Let’s say you are playing a game where you have to murder tons of people in various grisly ways. After you’ve stabbed your fifteenth henchman in the head, you finally get to leave, fully unthinking of the colossal mess you’ve left behind. But who cares how much brain matter is left in the carpet or how many pools of blood you’ve stepped through on the nice white carpet? While Viscera Cleanup Detail attempted to take this on in 3D, Serial Cleaner does so with a top down 2D perspective and ends up being a lot more fun, and somewhat more frustrating, in the process.
The obvious comparison with Serial Cleaner is to Hotline Miami. It shares a similar plot, a similar camera angle, and even acts as a flashback to an earlier time in history (while Hotline is more 1980’s, Serial Cleaner takes place in the 1970’s). That’s not a bad comparison, either. While Hotline has its emphasis on killing, Serial Cleaner emphasizes cleaning up murders.
Serial Cleaner puts you in the role of a crime-scene cleaner, who’s acting for various shady individuals. You get calls to help clean up crime scenes, while avoiding being seen by the police who are usually swarming the building. As you become more and more involved in the criminal underworld, the more you learn that the people you are working for have bigger things on their mind for you. It’s a serviceable plot, and while the scenes between levels don’t usually last too long, they do help to build out a much darker picture of who you are working for. Obviously, these aren’t good people but eventually you get a glimpse of just what they are willing to do.
When you first start playing, you’ll just need to grab bodies and put them in the back of your wagon in order to dispose of them. Eventually, though, you’ll be tasked with getting rid of evidence and cleaning up blood, all while avoiding cops. The cops all have vision cones, ala Metal Gear, as well as pre-planned routes, allowing you to move around them after you’ve studied them a bit.
The cops are not exactly the smartest people in the world, however, as if you are seen you have the chance to run away and find a hiding spot before you are caught. If you are in a hiding spot, even if a cop sees you enter it, they won’t be able to do anything about it. Later levels change up police behavior so that some might alert other cops or they may be frantic after they spot you once, leading to them moving faster on their patrols. Also, if police notice that a body or evidence is missing, they will come over and inspect the area, so it’s always best to have a pre-planned hiding spot.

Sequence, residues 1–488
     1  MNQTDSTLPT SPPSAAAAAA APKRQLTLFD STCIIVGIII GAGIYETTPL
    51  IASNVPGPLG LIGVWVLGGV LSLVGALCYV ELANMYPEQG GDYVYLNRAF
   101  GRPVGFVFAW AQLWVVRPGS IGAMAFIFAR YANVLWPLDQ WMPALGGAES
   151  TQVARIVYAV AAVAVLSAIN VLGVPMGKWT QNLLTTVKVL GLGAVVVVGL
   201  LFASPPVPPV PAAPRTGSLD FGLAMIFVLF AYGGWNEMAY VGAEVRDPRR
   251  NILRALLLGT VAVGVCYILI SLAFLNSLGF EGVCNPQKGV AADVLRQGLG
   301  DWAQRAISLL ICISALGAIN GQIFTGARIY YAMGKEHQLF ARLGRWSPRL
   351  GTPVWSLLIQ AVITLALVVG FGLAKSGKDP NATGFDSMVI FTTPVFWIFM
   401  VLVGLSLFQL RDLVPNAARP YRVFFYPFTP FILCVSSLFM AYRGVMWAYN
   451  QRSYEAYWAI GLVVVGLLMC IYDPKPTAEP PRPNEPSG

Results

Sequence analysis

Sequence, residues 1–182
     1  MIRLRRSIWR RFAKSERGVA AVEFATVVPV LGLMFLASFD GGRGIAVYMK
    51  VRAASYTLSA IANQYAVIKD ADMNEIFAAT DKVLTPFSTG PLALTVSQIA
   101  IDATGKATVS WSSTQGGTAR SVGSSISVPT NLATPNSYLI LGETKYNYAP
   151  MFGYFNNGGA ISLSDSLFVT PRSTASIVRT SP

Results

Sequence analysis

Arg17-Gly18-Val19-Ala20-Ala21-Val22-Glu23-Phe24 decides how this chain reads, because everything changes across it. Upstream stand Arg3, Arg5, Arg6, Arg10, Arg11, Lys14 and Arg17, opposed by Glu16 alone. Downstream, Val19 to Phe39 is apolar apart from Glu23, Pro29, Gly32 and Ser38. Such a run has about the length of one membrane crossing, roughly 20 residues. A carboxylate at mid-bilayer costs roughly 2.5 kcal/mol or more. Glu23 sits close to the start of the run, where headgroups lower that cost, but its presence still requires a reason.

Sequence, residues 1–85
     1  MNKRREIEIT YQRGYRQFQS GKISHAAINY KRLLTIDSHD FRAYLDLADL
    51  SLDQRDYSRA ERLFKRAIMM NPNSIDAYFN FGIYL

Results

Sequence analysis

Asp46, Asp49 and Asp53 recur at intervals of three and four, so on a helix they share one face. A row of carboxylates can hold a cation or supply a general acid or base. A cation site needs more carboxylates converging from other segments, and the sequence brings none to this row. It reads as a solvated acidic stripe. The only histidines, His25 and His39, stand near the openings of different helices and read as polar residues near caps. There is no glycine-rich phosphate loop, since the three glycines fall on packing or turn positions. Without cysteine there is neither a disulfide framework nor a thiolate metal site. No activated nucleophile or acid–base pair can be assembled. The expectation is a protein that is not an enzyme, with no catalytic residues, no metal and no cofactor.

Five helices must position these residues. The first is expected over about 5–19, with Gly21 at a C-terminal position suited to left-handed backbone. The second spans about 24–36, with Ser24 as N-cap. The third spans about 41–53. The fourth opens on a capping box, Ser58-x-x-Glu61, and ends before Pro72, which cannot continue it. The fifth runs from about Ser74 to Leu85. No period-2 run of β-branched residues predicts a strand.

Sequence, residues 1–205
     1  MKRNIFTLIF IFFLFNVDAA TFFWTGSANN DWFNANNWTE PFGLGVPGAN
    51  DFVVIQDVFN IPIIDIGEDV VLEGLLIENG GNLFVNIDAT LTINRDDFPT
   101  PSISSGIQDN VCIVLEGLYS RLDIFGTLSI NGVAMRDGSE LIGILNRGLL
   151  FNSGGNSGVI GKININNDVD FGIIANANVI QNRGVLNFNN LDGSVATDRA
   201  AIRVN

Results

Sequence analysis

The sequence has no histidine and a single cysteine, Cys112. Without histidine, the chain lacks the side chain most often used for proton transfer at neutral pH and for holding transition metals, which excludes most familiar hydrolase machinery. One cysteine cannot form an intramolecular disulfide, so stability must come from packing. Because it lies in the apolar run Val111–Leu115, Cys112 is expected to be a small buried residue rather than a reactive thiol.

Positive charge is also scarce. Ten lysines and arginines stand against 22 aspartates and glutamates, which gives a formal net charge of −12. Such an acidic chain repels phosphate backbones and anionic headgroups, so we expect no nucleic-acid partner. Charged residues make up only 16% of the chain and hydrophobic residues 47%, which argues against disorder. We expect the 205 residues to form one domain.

Hiding really is your only defense in this game, as you do not get the option to go out killing police or anything. Which makes the fact that all of the hiding spots, evidence, bodies, and pools of blood are randomized each play a real pain at times. There will be times when one hiding spot works out perfectly and puts cops in the perfect spot for you to move and there will be other times where it will seem impossible to reach an area just to get one thing. Some levels, however, allow you to avoid police interactions by having alternative body drop locations. Things like vats of acid, alligators, or lakes allow you to drop a body without having to move it as far as your car.
The actual movement and hiding can be stressful (but in a fun way) when you are being chased while carrying a body to your car. But there is a bit of jank in Serial Cleaner that makes it feel like the player is at a disadvantage. For instance, some levels require you to hide behind trees in order to avoid being spotted. But, if you are too close to a tree, even if the vision cone is not on you, you can get seen. There’s also the odd choice to make the pick up evidence and pick up bodies buttons different. On an Xbox One controller, picking up evidence is done with the A button and bodies are picked up with the X button. However, you can’t pick up evidence when you have a body in your hands, so why change the buttons like this? It can lead to times when you want to pick up a piece of evidence just as a cop is about to spot you, only to hit the wrong button and be spotted.
The presentation of Serial Cleaner, while not as stark as Hotline Miami, still looks really nice. The art style works well for the purposes of avoiding detection and the music is really well done. You can buy the soundtrack separately, and honestly, after playing a few hours, you might decide to buy it because it’s really well made.
There are also a series of bonus missions you can unlock, some of which are based on movies. For example, cleaning up a set of murders from One Flew Over the Cuckoo’s Nest has you going through a hospital, avoiding the police while trying to get rid of Nurse Ratchet’s body. It would be nice, however, if there was a little more context given as to why you are cleaning these scenes up, as the game literally just starts you in these levels with no context after you select them.
Serial Cleaner takes a really dark premise and makes it decently fun. While there are definitely some issues to be worked out, it’s still fun to clean up bodies and avoid the police. The presentation is slick and there’s enough content to keep you coming back.
SCORE: 8.0 out of 10
A code for Serial Cleaner was provided to Pixel Related for review.